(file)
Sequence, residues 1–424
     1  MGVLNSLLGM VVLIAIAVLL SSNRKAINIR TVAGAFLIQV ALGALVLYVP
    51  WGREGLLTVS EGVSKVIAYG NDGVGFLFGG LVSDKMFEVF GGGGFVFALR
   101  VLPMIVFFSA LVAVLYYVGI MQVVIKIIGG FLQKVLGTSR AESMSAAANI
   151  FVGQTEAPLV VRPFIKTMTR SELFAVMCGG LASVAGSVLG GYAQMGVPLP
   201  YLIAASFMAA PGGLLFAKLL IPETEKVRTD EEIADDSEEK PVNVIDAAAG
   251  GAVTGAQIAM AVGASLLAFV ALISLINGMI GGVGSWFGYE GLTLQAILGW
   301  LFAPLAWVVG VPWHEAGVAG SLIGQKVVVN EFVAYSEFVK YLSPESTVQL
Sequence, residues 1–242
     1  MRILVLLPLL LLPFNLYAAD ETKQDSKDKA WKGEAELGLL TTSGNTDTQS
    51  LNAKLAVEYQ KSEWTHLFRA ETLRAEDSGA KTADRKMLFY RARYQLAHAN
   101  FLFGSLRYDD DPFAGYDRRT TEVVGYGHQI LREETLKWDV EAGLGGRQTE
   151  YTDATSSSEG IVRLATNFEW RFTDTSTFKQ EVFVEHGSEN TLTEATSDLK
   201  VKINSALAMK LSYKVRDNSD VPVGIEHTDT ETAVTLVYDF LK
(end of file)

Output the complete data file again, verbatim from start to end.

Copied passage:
Sequence, residues 1–424
     1  MGVLNSLLGM VVLIAIAVLL SSNRKAINIR TVAGAFLIQV ALGALVLYVP
    51  WGREGLLTVS EGVSKVIAYG NDGVGFLFGG LVSDKMFEVF GGGGFVFALR
   101  VLPMIVFFSA LVAVLYYVGI MQVVIKIIGG FLQKVLGTSR AESMSAAANI
   151  FVGQTEAPLV VRPFIKTMTR SELFAVMCGG LASVAGSVLG GYAQMGVPLP
   201  YLIAASFMAA PGGLLFAKLL IPETEKVRTD EEIADDSEEK PVNVIDAAAG
   251  GAVTGAQIAM AVGASLLAFV ALISLINGMI GGVGSWFGYE GLTLQAILGW
   301  LFAPLAWVVG VPWHEAGVAG SLIGQKVVVN EFVAYSEFVK YLSPESTVQL
Sequence, residues 1–242
     1  MRILVLLPLL LLPFNLYAAD ETKQDSKDKA WKGEAELGLL TTSGNTDTQS
    51  LNAKLAVEYQ KSEWTHLFRA ETLRAEDSGA KTADRKMLFY RARYQLAHAN
   101  FLFGSLRYDD DPFAGYDRRT TEVVGYGHQI LREETLKWDV EAGLGGRQTE
   151  YTDATSSSEG IVRLATNFEW RFTDTSTFKQ EVFVEHGSEN TLTEATSDLK
   201  VKINSALAMK LSYKVRDNSD VPVGIEHTDT ETAVTLVYDF LK